During this episode, I interviewed my mentor Michael Port about the Think BIG MindSet.
Michael Port has been called an “uncommonly honest author” by the Boston Globe, and a “marketing guru” by The Wall Street Journal. He has written 5 bestselling books including Book Yourself Solid, Beyond Booked Solid, The Contrarian Effect, the New York Times Bestseller, The Think Big Manifesto, and Book Yourself Solid Illustrated Edition.
He is also known as “The guy to call when you are tired of thinking small.”
In fact, everything he does is inspired by thinking big about who you are and what you offer the world. Thus Michael is the ideal person to speak about this topic.
In this interview we speak about:
The idea behind this podcast is that our mindsets determine the way we see the world. And, because it’s so easy to stay stuck in Fixed Mindsets, that prevents us from learning new things, it’s vital to intentionally cultivate Growth Mindsets.
These concepts of Fixed and Growth Mindsets are based on the work of Carol Dweck, a Stanford University psychologist.
In her book–Mindset: The New Psychology of Success–she describes decades of research about why people succeed or fail, and how the Fixed and Growth Mindsets play a role in this process.
Dr. Dweck's 10-minute TED Talk, “The Power Of Believing That You Can Improve”, gives a powerful introduction to these concepts.
One of my favorite golden nuggets from her presentation is how she explains the Power of YET.
We are social animals, and this means that we seek social acceptance and try to avoid being rejected.
Rejection hurts – it's a very negative feeling and for that reason many of us take great efforts to avoid that feeling.
What can we do about this?
How can we avoid the trap of procrastination to avoid rejection?
“Between stimulus and response there is a space.
In that space is our power to choose our response.
In our response lies our growth and our freedom.”
– Viktor E. Frankl
This is one of my favorite quotes.
Viktor Frankl was an Austrian psychiatrist who survived 3 years in Nazi concentration camps. There he lost his wife, his unborn child, his parents, and most of his friends, and in spite of all these terrible life circumstances, he rebuilt his life, remarried, had a child, developed a great psychotherapy model and wrote many books including the famous “Man's Search for Meaning.”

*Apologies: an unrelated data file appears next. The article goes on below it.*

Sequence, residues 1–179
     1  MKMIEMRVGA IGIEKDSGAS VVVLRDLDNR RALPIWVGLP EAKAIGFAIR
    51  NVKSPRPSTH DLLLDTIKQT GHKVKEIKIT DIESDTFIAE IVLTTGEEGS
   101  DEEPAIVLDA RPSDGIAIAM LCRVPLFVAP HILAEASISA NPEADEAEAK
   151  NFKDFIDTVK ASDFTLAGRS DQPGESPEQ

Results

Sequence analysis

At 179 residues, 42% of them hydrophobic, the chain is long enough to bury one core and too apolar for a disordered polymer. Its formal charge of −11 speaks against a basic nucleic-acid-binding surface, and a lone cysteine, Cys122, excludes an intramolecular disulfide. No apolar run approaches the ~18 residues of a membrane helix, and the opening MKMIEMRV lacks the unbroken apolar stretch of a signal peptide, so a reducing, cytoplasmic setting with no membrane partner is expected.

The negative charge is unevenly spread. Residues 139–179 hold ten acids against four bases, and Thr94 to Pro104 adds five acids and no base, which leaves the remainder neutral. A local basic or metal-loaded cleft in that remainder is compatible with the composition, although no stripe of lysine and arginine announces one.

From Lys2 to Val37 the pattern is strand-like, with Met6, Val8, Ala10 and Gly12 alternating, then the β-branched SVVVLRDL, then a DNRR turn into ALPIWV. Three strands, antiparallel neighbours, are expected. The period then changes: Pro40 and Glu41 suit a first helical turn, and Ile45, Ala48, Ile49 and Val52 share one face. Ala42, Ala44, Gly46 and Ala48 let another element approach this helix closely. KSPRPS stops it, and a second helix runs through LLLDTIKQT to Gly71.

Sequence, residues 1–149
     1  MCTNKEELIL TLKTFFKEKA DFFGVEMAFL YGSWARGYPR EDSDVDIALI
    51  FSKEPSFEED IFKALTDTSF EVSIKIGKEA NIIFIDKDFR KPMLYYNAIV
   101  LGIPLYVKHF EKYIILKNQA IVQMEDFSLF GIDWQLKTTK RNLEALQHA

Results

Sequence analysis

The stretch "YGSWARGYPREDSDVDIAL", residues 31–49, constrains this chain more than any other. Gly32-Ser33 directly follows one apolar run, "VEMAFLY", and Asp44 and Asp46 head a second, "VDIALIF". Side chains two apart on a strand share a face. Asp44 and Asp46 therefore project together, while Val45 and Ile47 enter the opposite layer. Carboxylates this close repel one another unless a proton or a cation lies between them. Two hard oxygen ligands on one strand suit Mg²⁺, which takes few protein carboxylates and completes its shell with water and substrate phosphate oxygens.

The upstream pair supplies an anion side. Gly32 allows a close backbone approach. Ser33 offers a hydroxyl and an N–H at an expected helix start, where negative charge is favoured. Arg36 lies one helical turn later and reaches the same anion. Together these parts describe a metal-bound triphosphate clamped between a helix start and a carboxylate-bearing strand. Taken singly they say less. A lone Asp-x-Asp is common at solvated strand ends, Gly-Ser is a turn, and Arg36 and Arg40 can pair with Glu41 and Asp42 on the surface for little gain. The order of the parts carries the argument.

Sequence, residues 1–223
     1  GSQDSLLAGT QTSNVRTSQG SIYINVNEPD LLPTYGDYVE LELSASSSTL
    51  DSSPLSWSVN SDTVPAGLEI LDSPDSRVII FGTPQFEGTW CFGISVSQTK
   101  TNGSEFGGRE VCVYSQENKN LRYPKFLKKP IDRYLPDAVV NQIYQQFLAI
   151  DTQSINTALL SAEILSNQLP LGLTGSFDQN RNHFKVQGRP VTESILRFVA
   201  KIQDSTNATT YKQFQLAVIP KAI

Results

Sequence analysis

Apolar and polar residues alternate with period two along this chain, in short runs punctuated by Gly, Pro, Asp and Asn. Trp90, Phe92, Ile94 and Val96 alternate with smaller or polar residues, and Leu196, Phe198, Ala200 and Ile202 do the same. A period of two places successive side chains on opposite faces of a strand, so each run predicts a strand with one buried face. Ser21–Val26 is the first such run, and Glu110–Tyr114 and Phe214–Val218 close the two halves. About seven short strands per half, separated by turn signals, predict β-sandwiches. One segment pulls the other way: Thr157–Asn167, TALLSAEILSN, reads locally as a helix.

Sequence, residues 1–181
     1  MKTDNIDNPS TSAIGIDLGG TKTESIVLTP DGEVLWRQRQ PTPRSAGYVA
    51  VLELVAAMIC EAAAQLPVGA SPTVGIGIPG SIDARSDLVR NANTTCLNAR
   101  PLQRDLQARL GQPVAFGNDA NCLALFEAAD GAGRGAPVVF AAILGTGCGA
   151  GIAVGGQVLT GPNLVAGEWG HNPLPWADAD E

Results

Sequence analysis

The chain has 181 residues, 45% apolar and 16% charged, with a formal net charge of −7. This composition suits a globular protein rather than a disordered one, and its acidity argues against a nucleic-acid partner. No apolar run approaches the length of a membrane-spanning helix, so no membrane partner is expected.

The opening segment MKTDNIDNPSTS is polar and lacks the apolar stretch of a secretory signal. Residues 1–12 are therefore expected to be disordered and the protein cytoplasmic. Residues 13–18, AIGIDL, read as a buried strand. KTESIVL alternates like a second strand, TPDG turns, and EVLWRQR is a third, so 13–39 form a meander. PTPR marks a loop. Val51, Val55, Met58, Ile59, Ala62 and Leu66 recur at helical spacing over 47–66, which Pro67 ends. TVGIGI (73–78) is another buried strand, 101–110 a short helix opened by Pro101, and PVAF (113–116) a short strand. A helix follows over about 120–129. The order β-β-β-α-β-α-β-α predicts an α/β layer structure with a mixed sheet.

He must have had a great genetic set point for positivity and happiness, but he also worked a great deal on his mindset.
I love this quote because, we usually see a stimulus as something that activates a response almost automatically.
There Frankl sees a space.
A brief space where we have the power to choose our response.
A brief space where we can learn to be creators of our lives and not just be reactors.
Ready for a practical exercise?
You probably know how important it is to keep a positive mindset, yet sometimes it’s really hard to keep your optimism up.
When things are going bad in your life or business and you really try hard to focus on the positive, it doesn’t really seem to make a big difference in the overall picture.
If you find yourself in this situation, the tendency is to throw in the towel and give up.
But this would be like waiting for a pot of water to boil and, just because it takes time, you give up and turn off the heat.
Take a minute to do this exercise:
- Look around the room and count how many red objects you see.
- Do it now before reading further.
Often when people think about changing something in their lives, they get paralyzed by the thought of change itself.
‘Typically they say to themselves:
- “I don't have enough will power to change.“
- “I'm never going to be able to do it.“
- “I tried it before and it didn't work“
And any other excuses that their internal saboteur can think of (yes, you are not alone, everybody has a personal internal critical voice that tries to undermine their self-esteem, but that is a theme for another blog).
Many of my clients want to have a balanced life (who doesn't?!). Yet, they soon realize that having a balanced life is not something they are going to achieve and then just move to the next thing. It's more about living in balance by respecting our priorities. In sum, balance is not a final outcome, but an ongoing process.
Even the person who is walking on the top of tight rope cannot be totally still to keep her balance!
It’s important to clarify what a balanced life looks like for us (everybody’s vision is different) and then walk our talk by being aware if we are walking away from our vision or being our vision.
It helps to ask oneself:
You can find descriptions of “the 3 good things exercise” in several internet sites. This exercise comes from Positive Psychology – a recent branch of science that studies the why people thrive. Martin Seligman, the father of modern positive psychology, explains this exercise in several You Tube videos: